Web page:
Aspects of climate variability during winter and summer in Central America
Tesis de licenciatura
Maldonado Mora, Tito José
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Climate variability during winter and summer in Central America is examined. In winter, we focused on the interaction between El Niño Southern Oscillation (ENSO), Pacific Decadal Oscillation (PDO), the Caribbean low-level jet (CLLJ) and precipitation. Using the composite technique it is found that ENSO events are connected to CLLJ anomalies by modulating the sea-level pressure (SLP) near the east coast of the United States and the Aleutian Low. The pattern displayed by the SLP anomalies (SLPa) is also associated with the Pacific/North America pattern (PNA). During warm (cold) ENSO phases, negative (positive) anomalies in the SLP field over the east coast of North America produce cyclonic (anticyclonic) circulations at low levels. However, the ENSO signal in the SLPa and the PNA pattern are modulated by the phases of the PDO. Results indicate that when the ENSO and PDO are in phase (out of phase), the SLPa signal is enhanced (weakened or cancelled), affecting the CLLJ anomalies in both direction and intensity, also changing the spatial distribution of precipitation. During summer, the midsummer drought (MSD) in Central America is characterised in order to create annual indexes representing the timing of its phases (start, minimum and end), and other features relevant for MSD forecasting such as the intensity and the magnitude. The MSD intensity is defined as the minimum rainfall detected during the MSD, meanwhile the magnitude is the total precipitation divided by the total days between the start and end of the MSD. It is shown that the MSD extends along the Pacific coast, however, a similar MSD structure was detected also in two stations in the Caribbean side of Central America, located in Nicaragua. The MSD intensity and magnitude show a negative relationship with El Niño 3.4 and a positive relationship with the CLLJ index. However for the Caribbean stations the results were not statistically significant, which indicates that other processes might be modulating the precipitation during the MSD over the Caribbean coast. On the other hand, the temporal variables (start, minimum and end) show low and no significant correlations with the same indexes. The results from canonical correlation analysis (CCA) show good performance to study the MSD intensity and magnitude, however, for the temporal indexes the performance is not satisfactory due to the low skill to predict the MSD phases. Moreover, we find that CCA allows producing forecasts of the MSD intensity and magnitude using sea surface temperatures (SST) with leading times of up to 3 months. Using CCA as diagnostic tool it is found that during June, an SST dipole pattern upon the neighbouring waters to Central America is the main variability mode controlling the inter-annual variability of the MSD features. However, there is also evidence that the regional waters are playing an important role in the annual modulation of the MSD features. The waters in the PDO vicinity might be also controlling the rainfall during the MSD, however, exerting an opposite effect at the north and south regions of Central America.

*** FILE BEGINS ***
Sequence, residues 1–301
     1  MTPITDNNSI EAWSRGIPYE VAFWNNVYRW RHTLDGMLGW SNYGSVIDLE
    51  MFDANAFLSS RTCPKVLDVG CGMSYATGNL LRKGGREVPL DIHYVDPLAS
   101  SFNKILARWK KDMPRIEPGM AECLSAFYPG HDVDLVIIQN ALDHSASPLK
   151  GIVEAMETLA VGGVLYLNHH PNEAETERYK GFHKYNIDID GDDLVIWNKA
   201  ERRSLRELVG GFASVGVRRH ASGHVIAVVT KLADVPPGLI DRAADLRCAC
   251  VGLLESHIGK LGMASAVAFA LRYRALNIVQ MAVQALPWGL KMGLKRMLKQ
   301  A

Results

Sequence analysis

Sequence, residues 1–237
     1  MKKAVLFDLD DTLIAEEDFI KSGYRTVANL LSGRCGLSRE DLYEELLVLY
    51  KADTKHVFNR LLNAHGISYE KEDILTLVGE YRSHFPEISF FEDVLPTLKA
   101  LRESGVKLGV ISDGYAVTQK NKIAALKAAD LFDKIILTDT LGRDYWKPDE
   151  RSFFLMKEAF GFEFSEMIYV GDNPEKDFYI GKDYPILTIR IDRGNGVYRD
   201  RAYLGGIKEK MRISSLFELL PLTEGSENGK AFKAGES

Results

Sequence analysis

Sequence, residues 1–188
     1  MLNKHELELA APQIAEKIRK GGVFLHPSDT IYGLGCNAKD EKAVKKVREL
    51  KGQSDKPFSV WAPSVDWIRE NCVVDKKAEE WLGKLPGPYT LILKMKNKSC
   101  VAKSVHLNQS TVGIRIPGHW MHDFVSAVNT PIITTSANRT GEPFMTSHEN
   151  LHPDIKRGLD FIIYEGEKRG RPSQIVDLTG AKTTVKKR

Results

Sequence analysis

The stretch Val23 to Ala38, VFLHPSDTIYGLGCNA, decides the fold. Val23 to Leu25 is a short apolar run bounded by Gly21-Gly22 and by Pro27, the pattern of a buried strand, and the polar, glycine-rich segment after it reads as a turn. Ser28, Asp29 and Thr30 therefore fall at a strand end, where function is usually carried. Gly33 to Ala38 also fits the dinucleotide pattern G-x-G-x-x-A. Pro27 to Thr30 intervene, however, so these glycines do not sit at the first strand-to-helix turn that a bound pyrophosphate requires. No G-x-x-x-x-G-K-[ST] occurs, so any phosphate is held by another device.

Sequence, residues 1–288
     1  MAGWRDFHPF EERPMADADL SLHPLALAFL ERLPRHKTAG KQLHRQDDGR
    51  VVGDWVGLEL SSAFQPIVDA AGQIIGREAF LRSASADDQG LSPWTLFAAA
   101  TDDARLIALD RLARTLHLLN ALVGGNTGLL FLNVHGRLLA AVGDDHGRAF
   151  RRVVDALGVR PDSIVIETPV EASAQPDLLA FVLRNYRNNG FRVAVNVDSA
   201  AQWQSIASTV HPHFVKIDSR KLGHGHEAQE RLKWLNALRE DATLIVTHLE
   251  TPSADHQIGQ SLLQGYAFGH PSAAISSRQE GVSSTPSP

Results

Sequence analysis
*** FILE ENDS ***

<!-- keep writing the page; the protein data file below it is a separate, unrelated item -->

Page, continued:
- Meteorología